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Bolton Wanderers fans hit one year away from the UniBol

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Nat Lofthouse
Nat Lofthouse

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Just over 12,000 people gathered at the UniBol to see a nondescript Lancashire derby a year ago not realising just how lucky they were.

The date was February 29, itself somewhat of an anomaly. Chilly Bolton fans gathered in the concourses and queued for a pre-match pie and pint, muttering displeasure at five previous defeats, the latest of which had arrived on a bitterly cold Tuesday night at Blackpool with the last kick of the game.

Virtually nobody was happy, and if the frustration was not aimed towards management team Keith Hill and David Flitcroft, it was certainly focussed on the collection of ne’er-do-wells who had left Bolton high and dry in the years and months prior.

Perhaps only briefly did the conversation turn to the wider world, and the spectre of a mysterious virus which had been noticed in China and had very recently started to make headlines in the UK.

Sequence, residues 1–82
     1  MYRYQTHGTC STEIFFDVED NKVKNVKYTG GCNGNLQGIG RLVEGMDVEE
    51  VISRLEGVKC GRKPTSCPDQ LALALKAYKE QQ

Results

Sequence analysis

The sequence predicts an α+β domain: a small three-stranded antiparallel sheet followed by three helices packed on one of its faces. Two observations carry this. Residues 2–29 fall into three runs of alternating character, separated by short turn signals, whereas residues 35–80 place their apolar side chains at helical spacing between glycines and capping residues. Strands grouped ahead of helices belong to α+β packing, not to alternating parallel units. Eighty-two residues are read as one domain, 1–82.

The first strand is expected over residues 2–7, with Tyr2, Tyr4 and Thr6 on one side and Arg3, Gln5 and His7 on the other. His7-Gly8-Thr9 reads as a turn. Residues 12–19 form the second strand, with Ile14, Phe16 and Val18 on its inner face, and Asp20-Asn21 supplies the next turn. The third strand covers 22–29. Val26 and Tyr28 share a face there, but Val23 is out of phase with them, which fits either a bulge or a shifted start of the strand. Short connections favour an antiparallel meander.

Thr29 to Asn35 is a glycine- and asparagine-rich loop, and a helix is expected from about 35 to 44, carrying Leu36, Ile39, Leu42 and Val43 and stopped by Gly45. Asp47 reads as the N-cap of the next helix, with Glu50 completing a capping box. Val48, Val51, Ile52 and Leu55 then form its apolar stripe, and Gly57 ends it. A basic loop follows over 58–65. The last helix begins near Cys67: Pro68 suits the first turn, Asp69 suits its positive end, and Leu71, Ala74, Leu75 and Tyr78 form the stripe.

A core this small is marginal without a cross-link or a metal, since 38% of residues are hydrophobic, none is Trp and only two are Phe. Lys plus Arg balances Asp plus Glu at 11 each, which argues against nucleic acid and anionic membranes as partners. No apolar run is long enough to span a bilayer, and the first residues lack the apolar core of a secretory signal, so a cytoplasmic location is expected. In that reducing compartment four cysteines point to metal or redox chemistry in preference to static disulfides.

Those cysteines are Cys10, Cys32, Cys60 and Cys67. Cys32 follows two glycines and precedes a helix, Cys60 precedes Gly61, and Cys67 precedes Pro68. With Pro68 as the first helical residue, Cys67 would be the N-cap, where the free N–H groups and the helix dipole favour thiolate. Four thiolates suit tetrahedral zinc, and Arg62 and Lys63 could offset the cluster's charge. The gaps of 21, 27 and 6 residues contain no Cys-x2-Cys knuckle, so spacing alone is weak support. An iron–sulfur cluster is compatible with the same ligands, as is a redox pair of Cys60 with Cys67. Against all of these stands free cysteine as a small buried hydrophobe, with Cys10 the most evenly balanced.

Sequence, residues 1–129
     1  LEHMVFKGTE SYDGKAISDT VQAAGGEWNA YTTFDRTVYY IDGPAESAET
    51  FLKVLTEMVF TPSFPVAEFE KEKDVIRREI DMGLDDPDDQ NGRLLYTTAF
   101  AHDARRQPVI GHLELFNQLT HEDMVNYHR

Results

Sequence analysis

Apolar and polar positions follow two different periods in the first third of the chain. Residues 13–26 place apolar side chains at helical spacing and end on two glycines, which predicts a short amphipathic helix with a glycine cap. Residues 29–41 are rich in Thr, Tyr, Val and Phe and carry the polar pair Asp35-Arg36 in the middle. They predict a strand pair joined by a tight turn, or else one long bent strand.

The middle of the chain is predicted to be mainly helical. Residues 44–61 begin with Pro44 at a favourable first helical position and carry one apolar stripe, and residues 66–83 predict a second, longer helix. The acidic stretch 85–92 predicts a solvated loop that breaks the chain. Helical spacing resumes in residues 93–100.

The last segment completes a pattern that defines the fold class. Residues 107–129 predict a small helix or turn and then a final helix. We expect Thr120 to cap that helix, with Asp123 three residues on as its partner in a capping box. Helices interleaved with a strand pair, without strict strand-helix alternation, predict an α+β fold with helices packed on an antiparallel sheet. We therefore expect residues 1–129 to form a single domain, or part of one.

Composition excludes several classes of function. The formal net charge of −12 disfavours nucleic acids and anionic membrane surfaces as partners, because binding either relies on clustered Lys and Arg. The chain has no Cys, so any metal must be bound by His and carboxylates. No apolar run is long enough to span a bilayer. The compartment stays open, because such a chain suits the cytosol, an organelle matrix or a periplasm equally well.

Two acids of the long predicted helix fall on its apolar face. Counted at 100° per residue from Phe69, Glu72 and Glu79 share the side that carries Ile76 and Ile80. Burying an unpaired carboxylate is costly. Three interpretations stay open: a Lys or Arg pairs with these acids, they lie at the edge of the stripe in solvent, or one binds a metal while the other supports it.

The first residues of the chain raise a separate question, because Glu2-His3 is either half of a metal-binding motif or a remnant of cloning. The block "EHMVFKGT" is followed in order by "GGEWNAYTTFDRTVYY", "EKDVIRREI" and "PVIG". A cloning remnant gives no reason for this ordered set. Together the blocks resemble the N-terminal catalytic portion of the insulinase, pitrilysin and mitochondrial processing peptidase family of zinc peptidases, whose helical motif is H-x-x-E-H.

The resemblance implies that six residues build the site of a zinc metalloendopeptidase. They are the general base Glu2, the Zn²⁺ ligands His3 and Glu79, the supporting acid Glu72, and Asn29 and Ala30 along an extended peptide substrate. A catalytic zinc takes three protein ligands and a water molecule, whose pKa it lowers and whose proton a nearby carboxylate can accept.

The hardy few who made the journey to London the following weekend to watch the Whites at Wimbledon would see the first signs of a population in panic but as Middlebrook buzzed with shoppers and the hospitality boxes bustled with the sound of chatter and cutlery there was not a facemask to be found. Social distancing was what Bolton’s defence had done at Bloomfield Road to allow Kiernan Dewsbury-Hall to score a 92nd-minute winner.

The season, for all intent and purpose, was already over for Wanderers. The club had kicked off with a 12-point penalty for going into administration three months earlier but had spent the formative weeks of the campaign on the edge of a precipice as an on-off takeover put it 24 hours from going out of business completely.

Sharon Brittan and Football Ventures got there in the end and though there were smiles of relief all round, the reality of the situation they bought into was not a pleasant one. A club which had been skinned to the bone had precious little but a famous name and its history – and Accrington’s visit coincidentally came on the 16th anniversary of their last major final, the 2004 League Cup.